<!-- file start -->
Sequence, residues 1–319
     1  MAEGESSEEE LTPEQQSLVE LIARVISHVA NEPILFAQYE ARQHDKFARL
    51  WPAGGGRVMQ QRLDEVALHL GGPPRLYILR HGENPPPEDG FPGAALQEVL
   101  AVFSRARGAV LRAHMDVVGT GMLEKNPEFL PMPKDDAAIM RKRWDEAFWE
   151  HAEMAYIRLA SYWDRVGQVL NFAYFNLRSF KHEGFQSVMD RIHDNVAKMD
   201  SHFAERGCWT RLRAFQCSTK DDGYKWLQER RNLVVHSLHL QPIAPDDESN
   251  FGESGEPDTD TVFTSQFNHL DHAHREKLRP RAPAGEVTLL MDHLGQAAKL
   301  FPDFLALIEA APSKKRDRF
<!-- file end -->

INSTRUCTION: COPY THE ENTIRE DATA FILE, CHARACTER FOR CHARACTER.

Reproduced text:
Sequence, residues 1–319
     1  MAEGESSEEE LTPEQQSLVE LIARVISHVA NEPILFAQYE ARQHDKFARL
    51  WPAGGGRVMQ QRLDEVALHL GGPPRLYILR HGENPPPEDG FPGAALQEVL
   101  AVFSRARGAV LRAHMDVVGT GMLEKNPEFL PMPKDDAAIM RKRWDEAFWE
   151  HAEMAYIRLA SYWDRVGQVL NFAYFNLRSF KHEGFQSVMD RIHDNVAKMD
   201  SHFAERGCWT RLRAFQCSTK DDGYKWLQER RNLVVHSLHL QPIAPDDESN
   251  FGESGEPDTD TVFTSQFNHL DHAHREKLRP RAPAGEVTLL MDHLGQAAKL
   301  FPDFLALIEA APSKKRDRF